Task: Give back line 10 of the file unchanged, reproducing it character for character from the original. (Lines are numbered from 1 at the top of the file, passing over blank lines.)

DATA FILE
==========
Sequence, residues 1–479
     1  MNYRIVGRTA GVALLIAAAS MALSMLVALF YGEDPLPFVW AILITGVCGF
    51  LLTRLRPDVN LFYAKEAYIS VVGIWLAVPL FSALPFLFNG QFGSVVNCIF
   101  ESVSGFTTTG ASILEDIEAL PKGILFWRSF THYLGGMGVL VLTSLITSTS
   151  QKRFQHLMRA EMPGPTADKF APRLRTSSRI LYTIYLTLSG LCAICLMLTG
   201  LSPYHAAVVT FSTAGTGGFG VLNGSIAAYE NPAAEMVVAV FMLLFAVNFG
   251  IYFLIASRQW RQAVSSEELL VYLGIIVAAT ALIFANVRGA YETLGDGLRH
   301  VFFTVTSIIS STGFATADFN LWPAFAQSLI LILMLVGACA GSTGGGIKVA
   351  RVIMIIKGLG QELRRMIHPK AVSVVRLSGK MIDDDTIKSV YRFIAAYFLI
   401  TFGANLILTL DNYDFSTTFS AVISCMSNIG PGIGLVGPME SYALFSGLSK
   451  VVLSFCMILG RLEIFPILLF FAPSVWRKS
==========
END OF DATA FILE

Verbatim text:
   401  TFGANLILTL DNYDFSTTFS AVISCMSNIG PGIGLVGPME SYALFSGLSK